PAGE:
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Already on a roll in oncology, Astellas hunts for big wins in other areas

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“2023 for Astellas is a very important year,” said Mark Reisenauer, the company’s U.S. president.

If all goes right, the multinational Japanese pharma — most known for its oncology and urology drugs — could add two first-in-class therapies to its growing list of commercialized medicines and expand indication areas for two of its existing cancer drugs over the next 12 months.

Professional headshot of Mark Reisenauer

Mark Reisenauer, U.S. president, Astellas

Permission granted by Astellas


On the oncology side of its business, Reisenauer said the company has a long history of chasing “difficult to treat cancers.” Along those lines, Astellas is hoping to launch zolbetuximab by the end of 2023 to treat locally advanced as well as metastatic gastric cancer — an indication with a five-year survival rate of only 6% that is currently treated with surgery and chemotherapy.

The drug, acquired through Astellas’ 2016 buyout of the German-based Ganymed, is on the cutting edge of cancer research. The monoclonal antibody zeroes in on the Claudin18.2 protein, a molecular target first discovered by BioNTech founders Özlem Türeci and her husband Uğur Şahi who were on the hunt for new methods of treating solid tumors. Its cousin, Claudin6, has also drawn interest from several biotech and pharma companies, including BioNTech — who circled back to the approach after selling Ganymed to Astellas — as a potential solid tumor target for CAR-T therapies.

In results published Thursday from Astellas’ Spotlight trial, which tested the drug in combination with the chemotherapy regimen mFOLFOX6, zolbetuximab was found to substantially reduce the risk of death and disease progression.

“Much like what we did in oncology 10 or 15 years ago, where we really committed to that therapeutic area … we’re taking a similar strategic and holistic approach to building out those (gene and cell) capabilities.”

Mark Reisenauer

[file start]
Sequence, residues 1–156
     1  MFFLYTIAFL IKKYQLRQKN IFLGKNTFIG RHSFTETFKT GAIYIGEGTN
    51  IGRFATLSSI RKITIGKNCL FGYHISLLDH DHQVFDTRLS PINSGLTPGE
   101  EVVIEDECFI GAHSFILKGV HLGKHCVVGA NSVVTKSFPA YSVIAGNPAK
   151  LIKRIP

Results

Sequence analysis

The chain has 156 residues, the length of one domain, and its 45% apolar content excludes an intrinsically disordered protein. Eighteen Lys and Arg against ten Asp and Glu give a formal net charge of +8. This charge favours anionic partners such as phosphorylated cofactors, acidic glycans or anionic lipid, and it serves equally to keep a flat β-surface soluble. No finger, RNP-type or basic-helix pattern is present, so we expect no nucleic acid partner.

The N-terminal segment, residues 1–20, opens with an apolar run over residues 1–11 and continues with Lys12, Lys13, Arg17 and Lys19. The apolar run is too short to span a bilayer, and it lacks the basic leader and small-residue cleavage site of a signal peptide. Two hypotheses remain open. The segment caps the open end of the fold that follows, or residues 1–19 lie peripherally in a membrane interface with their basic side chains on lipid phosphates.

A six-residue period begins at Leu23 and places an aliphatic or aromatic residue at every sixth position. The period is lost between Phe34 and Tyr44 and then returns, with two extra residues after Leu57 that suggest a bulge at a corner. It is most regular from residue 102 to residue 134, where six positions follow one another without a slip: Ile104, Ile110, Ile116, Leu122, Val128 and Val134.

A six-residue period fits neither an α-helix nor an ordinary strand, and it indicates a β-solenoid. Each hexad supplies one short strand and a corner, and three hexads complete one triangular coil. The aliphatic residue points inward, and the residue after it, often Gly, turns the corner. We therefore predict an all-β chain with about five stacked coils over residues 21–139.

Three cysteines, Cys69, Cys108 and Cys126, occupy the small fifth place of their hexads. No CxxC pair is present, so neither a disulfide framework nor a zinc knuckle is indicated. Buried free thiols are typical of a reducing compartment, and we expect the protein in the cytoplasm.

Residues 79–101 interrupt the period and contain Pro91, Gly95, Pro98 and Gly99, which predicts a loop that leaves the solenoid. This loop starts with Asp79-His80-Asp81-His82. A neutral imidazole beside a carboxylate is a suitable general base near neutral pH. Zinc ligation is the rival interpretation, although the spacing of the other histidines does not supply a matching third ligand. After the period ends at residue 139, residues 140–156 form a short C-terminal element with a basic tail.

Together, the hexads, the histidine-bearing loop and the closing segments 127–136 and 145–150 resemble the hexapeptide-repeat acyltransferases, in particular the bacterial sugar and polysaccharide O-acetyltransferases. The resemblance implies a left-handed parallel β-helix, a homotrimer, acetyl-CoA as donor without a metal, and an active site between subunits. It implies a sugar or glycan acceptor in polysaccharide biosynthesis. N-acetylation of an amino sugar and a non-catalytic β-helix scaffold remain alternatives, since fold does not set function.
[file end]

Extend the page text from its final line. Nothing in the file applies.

President, Astellas

But Astellas is also looking to expand its footprint past oncology in 2023 into women’s health and other indications, Reisenauer said. In February, the FDA is slated to review Astellas’ novel non-hormonal treatment to reduce the frequency and severity of vasomotor symptoms (VMS), characterized by severe hot flashes and night sweats, in menopausal women.

VMS has historically been treated with a hormone therapy linked to increased risk of endometrial cancer, blood clots and heart attacks, so the market for alternatives is heating up, and is expected to grow from its current value of $16.71 billion to over $27 billion by 2030. Bayer is also in the midst of a phase 3 trial for a similar candidate to Astellas’ drug, and has pegged the drug as a potential blockbuster.

These potential milestones follow what was a tumultuous 2022 for Astellas, marked by myriad setbacks particularly in its fledgling gene and cell therapy business — which saw two therapies put on FDA clinical holds and the discontinuation of several programs for Duchenne muscular dystrophy, together leading to $700 million in impairment losses for the company.

On Friday the FDA lifted one of those holds for the company’s phase 1/2 candidate in late-onset Pompe disease. Astellas’ said in a statement that it is “working on completing the clinical and regulatory activities necessary to resume dosing” in that trial. Prior to that FDA decision, Reisenauer also told PharmaVoice that Astellas’ expects to continue “looking for ways to augment” that business in 2023.

“We believe (2023) is going to be an inflection point in our growth,” Reisenauer said. “We’re not a large pharmaceutical company, we’re a mid-sized pharma company. And to have two first-in-class launches in the same year, I think is significant. Not only is it an accomplishment, but I think it’s a testament to the innovation and the R&D work that we’re doing.”

With major changes afoot, Reisenauer gave PharmaVoice a peek at why he’s preparing for a “very busy year” ahead.  

This interview has been edited for brevity and style.

PHARMAVOICE: How is your candidate for VMS, fezolinetant, different from other non-hormonal treatments on the market?

MARK REISENAUER: It’s a new mechanism. The KNDy neuron is a neuron that’s responsible for regulating body temperature. So fezolinetant blocks neurokinin B (NKB), binding on the KNDY neuron to moderate neuronal activity in the thermoregulatory center of the brain. We’re the first-in-class and there are others coming as well. But this is a very novel approach.

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